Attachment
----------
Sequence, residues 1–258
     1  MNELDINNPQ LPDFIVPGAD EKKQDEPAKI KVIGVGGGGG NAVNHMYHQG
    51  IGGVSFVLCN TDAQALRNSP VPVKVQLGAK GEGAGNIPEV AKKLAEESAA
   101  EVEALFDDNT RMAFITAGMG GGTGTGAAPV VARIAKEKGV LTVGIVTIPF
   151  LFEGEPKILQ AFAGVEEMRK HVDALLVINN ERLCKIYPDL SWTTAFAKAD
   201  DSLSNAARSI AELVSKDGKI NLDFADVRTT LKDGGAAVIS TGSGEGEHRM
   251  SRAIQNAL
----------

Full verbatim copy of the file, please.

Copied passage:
Sequence, residues 1–258
     1  MNELDINNPQ LPDFIVPGAD EKKQDEPAKI KVIGVGGGGG NAVNHMYHQG
    51  IGGVSFVLCN TDAQALRNSP VPVKVQLGAK GEGAGNIPEV AKKLAEESAA
   101  EVEALFDDNT RMAFITAGMG GGTGTGAAPV VARIAKEKGV LTVGIVTIPF
   151  LFEGEPKILQ AFAGVEEMRK HVDALLVINN ERLCKIYPDL SWTTAFAKAD
   201  DSLSNAARSI AELVSKDGKI NLDFADVRTT LKDGGAAVIS TGSGEGEHRM
   251  SRAIQNAL